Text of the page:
The US Department of State on Wednesday reiterated that the use of force by any party to change the “status quo” across the Taiwan Strait would be a “profound mistake.”
At a news briefing, US Department of State spokesman Ned Price quoted US Secretary of State Antony Blinken as saying: “It would be a profound mistake by any party to try and remake that ‘status quo’ with the use of force.”
China was not mentioned, but the statement was seen as a veiled message to Beijing.
China has said that it wants “peaceful reunification,” but it has not renounced the use of force in stopping Taiwan from achieving formal independence or a foreign country from interfering.
Price made the remarks after US National Security Council Indo-Pacific Coordinator Kurt Campbell on Tuesday during a videoconference with the Asia Society Policy Institute said that any Chinese move against Taiwan would be “catastrophic,” and that the administration of US President Joe Biden was sending a clear message of deterrence against Chinese aggression in the Taiwan Strait.
In response to Campbell, the Chinese Ministry of Defense told Washington to tread carefully.
The US would continue to support the peaceful resolution of cross-strait issues, Price said, adding that this was consistent “with the long-standing wishes and the best interests of the people on Taiwan.”
Washington has repeatedly urged Beijing to cease its military, diplomatic and economic pressure on Taiwan, and to instead engage in meaningful dialogue with Taipei, he added.
The US’ commitment to Taiwan is “rock solid,” and “contributes to the maintenance of peace and stability across the Taiwan Strait and within the broader region,” Price said.
For four decades, the US’ policy has been consistent, and its “one China” policy has been guided by the Taiwan Relations Act (TRA), the Three Joint Communiques and the “six assurances” provided to Taipei, he added.
“That has not changed,” he said.
New guidelines were issued regarding contact between the US government and Taiwanese officials in April, Price said, adding that the changes encourage closer engagement and reflect the two sides’ current relationship.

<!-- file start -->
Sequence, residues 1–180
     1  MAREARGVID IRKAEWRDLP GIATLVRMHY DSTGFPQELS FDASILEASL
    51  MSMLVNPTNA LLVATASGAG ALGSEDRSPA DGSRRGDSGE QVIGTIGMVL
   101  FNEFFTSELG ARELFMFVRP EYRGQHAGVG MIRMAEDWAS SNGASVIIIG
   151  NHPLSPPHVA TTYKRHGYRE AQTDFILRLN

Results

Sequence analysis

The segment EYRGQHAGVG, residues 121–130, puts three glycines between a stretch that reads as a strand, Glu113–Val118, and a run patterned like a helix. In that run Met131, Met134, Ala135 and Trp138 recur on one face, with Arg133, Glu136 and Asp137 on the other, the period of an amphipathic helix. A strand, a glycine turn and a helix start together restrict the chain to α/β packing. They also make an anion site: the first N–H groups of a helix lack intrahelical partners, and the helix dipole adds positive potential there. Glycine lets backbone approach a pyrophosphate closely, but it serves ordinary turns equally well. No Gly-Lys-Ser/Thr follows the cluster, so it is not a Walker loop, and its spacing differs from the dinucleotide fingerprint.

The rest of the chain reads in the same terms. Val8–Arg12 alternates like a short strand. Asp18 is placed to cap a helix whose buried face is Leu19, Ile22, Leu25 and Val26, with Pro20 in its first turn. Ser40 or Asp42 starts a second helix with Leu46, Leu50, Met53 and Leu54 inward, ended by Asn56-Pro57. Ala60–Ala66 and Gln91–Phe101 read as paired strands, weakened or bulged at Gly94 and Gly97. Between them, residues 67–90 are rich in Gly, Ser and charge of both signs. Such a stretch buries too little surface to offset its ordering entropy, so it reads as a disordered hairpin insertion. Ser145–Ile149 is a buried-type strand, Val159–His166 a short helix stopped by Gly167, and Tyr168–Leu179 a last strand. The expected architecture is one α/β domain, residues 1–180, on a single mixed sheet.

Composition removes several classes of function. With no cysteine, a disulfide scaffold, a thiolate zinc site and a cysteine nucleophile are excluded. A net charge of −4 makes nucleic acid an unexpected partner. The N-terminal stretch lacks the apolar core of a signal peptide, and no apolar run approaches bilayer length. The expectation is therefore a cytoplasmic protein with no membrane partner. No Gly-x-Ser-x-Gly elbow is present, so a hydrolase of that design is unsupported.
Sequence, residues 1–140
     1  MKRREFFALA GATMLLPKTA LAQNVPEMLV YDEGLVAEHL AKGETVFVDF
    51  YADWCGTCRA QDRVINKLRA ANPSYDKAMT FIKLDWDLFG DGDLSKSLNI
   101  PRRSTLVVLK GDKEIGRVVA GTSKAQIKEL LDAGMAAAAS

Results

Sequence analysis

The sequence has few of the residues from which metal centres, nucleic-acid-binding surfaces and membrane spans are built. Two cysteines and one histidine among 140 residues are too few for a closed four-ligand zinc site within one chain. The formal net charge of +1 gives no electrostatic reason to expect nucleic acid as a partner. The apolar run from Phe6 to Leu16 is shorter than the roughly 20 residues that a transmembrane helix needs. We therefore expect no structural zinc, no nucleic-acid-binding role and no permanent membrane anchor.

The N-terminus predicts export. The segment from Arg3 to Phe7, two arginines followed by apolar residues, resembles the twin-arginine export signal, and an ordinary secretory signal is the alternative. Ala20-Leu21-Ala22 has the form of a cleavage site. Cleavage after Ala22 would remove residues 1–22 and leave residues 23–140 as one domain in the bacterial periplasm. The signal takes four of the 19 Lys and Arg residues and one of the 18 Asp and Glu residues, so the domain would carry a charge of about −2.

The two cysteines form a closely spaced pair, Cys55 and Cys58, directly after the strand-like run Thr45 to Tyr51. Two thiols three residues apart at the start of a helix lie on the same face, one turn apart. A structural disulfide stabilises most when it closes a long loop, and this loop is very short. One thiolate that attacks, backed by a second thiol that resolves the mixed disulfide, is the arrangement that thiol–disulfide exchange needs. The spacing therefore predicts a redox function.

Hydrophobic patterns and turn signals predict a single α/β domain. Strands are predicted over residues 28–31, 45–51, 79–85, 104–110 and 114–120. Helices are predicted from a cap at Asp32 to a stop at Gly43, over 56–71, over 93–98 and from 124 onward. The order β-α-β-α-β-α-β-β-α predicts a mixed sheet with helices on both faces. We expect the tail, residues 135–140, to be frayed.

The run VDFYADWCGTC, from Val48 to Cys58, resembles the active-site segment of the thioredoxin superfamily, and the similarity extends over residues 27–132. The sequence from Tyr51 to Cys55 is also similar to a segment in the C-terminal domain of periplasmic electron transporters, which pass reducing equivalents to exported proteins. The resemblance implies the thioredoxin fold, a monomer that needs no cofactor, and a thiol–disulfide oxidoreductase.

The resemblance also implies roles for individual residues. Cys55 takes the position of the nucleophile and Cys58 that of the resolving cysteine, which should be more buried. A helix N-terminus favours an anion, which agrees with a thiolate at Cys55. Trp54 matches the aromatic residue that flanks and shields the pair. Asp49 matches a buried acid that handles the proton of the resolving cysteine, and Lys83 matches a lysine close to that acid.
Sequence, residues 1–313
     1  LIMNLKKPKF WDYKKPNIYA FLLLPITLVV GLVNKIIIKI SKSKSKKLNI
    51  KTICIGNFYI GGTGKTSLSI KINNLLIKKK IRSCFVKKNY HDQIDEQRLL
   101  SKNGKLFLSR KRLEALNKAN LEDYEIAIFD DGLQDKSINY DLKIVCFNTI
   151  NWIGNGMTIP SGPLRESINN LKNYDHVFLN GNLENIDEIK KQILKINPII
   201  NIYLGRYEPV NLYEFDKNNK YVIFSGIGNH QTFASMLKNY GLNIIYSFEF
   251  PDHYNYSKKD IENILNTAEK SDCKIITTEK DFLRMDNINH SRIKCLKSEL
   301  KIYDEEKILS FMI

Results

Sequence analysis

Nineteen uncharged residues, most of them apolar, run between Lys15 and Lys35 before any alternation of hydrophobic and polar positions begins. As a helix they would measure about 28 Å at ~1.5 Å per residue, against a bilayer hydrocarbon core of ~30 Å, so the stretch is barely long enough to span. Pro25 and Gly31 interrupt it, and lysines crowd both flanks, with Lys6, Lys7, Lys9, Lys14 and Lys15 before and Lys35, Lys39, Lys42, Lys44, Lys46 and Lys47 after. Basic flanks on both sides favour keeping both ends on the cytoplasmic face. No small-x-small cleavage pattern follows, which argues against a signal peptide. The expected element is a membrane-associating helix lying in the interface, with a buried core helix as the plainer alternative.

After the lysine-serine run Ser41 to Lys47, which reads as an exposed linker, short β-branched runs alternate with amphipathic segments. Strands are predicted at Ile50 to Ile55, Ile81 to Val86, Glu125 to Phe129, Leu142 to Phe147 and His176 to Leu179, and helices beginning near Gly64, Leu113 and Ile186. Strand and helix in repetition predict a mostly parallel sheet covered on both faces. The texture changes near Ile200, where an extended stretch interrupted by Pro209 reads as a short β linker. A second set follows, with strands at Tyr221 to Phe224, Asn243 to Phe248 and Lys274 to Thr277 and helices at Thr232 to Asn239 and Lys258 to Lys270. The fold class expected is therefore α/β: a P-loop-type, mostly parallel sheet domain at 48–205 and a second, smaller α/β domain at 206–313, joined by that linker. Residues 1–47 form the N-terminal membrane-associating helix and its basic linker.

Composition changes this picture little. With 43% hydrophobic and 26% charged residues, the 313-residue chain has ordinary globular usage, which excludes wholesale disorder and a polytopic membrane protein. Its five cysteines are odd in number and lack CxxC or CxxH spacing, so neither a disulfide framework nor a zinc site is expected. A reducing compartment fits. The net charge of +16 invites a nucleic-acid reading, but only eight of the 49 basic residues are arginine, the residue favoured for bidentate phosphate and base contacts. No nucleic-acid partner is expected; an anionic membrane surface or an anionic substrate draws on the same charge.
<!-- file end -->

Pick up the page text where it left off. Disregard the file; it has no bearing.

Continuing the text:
While based on the US’ “one China” policy, the guidance allows Washington to deepen its partnership with Taiwan and its people, he added.
Under the policy, Washington acknowledges, but does not openly accept Beijing’s claim that mainland China and Taiwan are part of one China to be reunified one day.
The guidance adopted by Washington allows US officials to meet with Taiwanese officials whenever needed and in formal settings.
Taiwan has welcomed the guidelines as the “turning of a new page” in Taiwan-US relations, but Beijing has criticized them for changing the “status quo” and potentially emboldening the Democratic Progressive Party administration, which favors independence.
Since 1979, when Washington switched diplomatic ties from Taipei to Beijing, the TRA has defined the substantial but non-diplomatic ties between the US and Taiwan.
The “six assurances” are key foreign policy principles established by the US regarding ties between Washington and Taipei, while the Three Joint Communiques were joint statements by the US and China that played a crucial role in cementing their relations.
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